Something is killing America's piglets.
Across the country, a disease called Porcine Epidemic Diarrhea virus, or PEDv, is decimating pig farms. As of early March, over 4,000 confirmed cases in 26 states have meant the untimely deaths of as many as 5 million pigs since last May. It's especially deadly to baby pigs: casualty rates go from 80 to 100 of those affected. The outbreaks have been devastating to farmers but every pork-lover could feel the pinch, as industry analysts predict rising pork prices.
But there might be a silver lining: in a way, the virus attacking U.S. swine herds couldn’t have come at a better time. Thanks to falling grain prices, pig farmers’ costs are low, so, on the whole, they’re better able to absorb the losses. Low grain prices also mean farmers can feed their pigs more, fattening them up and increasing yields. In fact, despite estimates that the virus will reduce this year’s herds by 3 percent, the Department of Agriculture estimates that pork production will actually increase by 2 percent.
That doesn’t mean PEDV isn’t a problem, of course. If it continues to spread, things could get a lot worse. And that’s a distinct possibility — according to the National Pork Board, they’re already getting worse. The board issued a statement on Tuesday calling PEDv its “No. 1 priority” and announcing the commitment of more than $1 million to research the virus and combat its spread.
The Pork Board estimates that about 5 million piglets have died in the past several months, at an increasing rate. In January alone, an estimated 1.3 million piglets were lost.
There has been a “heavy loss of piglets,” the board said. Although there is no requirement for producers to report the disease (which doesn’t affect humans and poses no public-health risk), the Pork Board estimates that about 5 million piglets have died in the past several months, at an increasing rate. In January alone, an estimated 1.3 million piglets were lost. (Other experts put the number closer to 4 million since May 2013.)
PEDV has now spread to 26 states after first appearing in the United States nearly a year ago. It began accelerating in October and hasn’t stopped. It affects only piglets, for which the pre-weaning mortality rate is 100 percent. It’s not clear how the virus, which was first discovered in England in 1971, made it to the United States, or even just how it gets spread. By 2012, it had spread to China and has invaded Canada as well. Hog farmers across the United States are trying everything to prevent PEDV from infecting their herds — such as constantly disinfecting their equipment and making workers change clothes and shoes before entering areas where pigs are kept. But it’s an extremely tenacious virus. Smithfield Foods, the world’s largest pork producer, estimated that 10% of sows in the U.S. carry the virus, though that number is from January, and might have risen since then. The sows don’t get sick, but pass the virus on to their piglets.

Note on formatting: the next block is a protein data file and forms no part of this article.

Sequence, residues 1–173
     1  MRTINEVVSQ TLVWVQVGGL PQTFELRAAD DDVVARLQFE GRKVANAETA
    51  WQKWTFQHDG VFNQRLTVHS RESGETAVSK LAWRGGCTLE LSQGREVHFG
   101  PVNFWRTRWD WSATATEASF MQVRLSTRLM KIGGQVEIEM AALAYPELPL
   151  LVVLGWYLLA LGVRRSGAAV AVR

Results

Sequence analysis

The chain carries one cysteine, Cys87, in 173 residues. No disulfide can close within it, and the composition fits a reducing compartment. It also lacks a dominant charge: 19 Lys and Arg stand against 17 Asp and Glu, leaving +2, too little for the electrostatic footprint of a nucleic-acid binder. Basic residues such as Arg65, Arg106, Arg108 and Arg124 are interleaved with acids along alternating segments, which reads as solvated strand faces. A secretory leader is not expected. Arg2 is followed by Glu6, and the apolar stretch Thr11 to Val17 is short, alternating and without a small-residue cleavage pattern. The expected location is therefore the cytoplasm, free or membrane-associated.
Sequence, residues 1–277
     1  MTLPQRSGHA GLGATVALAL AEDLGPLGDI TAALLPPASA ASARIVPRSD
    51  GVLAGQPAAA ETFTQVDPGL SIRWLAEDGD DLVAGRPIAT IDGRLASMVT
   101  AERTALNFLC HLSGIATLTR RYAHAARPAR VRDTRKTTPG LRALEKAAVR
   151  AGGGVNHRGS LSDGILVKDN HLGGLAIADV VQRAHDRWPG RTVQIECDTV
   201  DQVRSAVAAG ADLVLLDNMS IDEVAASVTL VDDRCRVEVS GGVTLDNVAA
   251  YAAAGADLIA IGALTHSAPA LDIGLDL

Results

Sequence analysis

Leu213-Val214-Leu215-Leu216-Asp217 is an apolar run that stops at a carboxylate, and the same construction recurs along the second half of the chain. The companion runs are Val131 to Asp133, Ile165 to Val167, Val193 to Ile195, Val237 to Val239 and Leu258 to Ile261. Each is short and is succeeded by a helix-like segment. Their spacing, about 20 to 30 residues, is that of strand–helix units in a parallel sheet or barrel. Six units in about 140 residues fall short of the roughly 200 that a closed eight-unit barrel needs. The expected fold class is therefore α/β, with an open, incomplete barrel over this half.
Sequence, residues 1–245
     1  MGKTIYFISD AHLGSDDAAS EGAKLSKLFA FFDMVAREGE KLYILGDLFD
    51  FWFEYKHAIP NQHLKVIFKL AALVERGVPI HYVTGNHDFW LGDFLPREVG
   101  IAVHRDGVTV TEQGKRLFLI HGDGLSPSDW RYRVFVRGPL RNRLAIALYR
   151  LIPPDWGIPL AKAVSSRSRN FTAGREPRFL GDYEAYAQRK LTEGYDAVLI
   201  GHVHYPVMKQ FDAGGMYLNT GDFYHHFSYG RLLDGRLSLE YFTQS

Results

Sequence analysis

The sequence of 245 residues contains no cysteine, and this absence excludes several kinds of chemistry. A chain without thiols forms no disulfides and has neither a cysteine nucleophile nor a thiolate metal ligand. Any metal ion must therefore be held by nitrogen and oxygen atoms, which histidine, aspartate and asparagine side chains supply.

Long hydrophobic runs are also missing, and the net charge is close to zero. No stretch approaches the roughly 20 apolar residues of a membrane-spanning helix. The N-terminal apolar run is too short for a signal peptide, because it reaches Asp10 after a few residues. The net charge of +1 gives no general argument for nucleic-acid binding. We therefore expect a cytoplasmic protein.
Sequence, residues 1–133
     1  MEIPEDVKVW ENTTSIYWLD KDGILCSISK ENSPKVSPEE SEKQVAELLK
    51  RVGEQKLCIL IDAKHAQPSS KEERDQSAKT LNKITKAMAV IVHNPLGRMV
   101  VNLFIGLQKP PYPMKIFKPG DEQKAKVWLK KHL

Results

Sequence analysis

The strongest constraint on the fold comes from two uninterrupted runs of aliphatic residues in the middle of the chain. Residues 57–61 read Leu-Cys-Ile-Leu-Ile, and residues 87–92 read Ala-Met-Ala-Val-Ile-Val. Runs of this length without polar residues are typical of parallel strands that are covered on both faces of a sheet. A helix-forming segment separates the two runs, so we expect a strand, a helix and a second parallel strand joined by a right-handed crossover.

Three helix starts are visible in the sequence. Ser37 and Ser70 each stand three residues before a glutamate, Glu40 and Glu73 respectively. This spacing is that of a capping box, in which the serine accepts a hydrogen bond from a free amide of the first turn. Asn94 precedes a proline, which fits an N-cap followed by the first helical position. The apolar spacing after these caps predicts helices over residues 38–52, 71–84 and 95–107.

Also in January, Smithfield estimated that this year’s losses might reach 2 million or 3 million. If the Pork Board’s recent estimates are correct, that number is going to be surpassed, perhaps by a lot. At the same time, Hormel, the maker of Spam, warned that the virus might eat into its earnings for the year.
Meanwhile, prices keep rising. Even as demand for pork and other meat continues to rise with the improving economy (both globally and in the United States), supplies are being crimped. The April lean-hog futures contract on the Chicago Mercantile Exchange has risen by a third since the start of the year. At the same time, the virus is pushing down prices of feedgrains, as worries grow that demand will fall with the size of the herd.
Industry observers who only weeks ago assumed that the virus wouldn’t pose a major threat are starting to change their minds.
The money earmarked by the Pork Board will go toward researching what “has become one of the most serious and devastating diseases our pig farmers have faced in decades,” said Karen Richter, the board’s president and a pork producer in Minnesota. The aim is to increase collaboration and communication among producers, researchers, veterinarians, and even outfits that might seem surprising — such as the National Feed and Grain Association. The thinking is that the virus might be spreading itself through feed.
The Pork Board recommends that farmers follow its bio-security guidelines, and not only when there are outbreaks.
In the meantime, researchers are trying to develop a vaccine. One outfit in Iowa, Harris Vaccines, says it has one that “shows promise,” but it hasn’t been licensed by the USDA for general use in the United States. For now, hog farmers are left to fend for themselves.
“There are multiple companies are working on a vaccine,” says Paul Sundberg, the Pork Board’s vice president of science and technology. But only the Harris vaccine is available at all, and then only by prescription. Farmers “probably shouldn’t expect there to be a vaccine for this,” he said. “Historically, vaccines haven’t been very effective. The emphasis should be on bio-security.”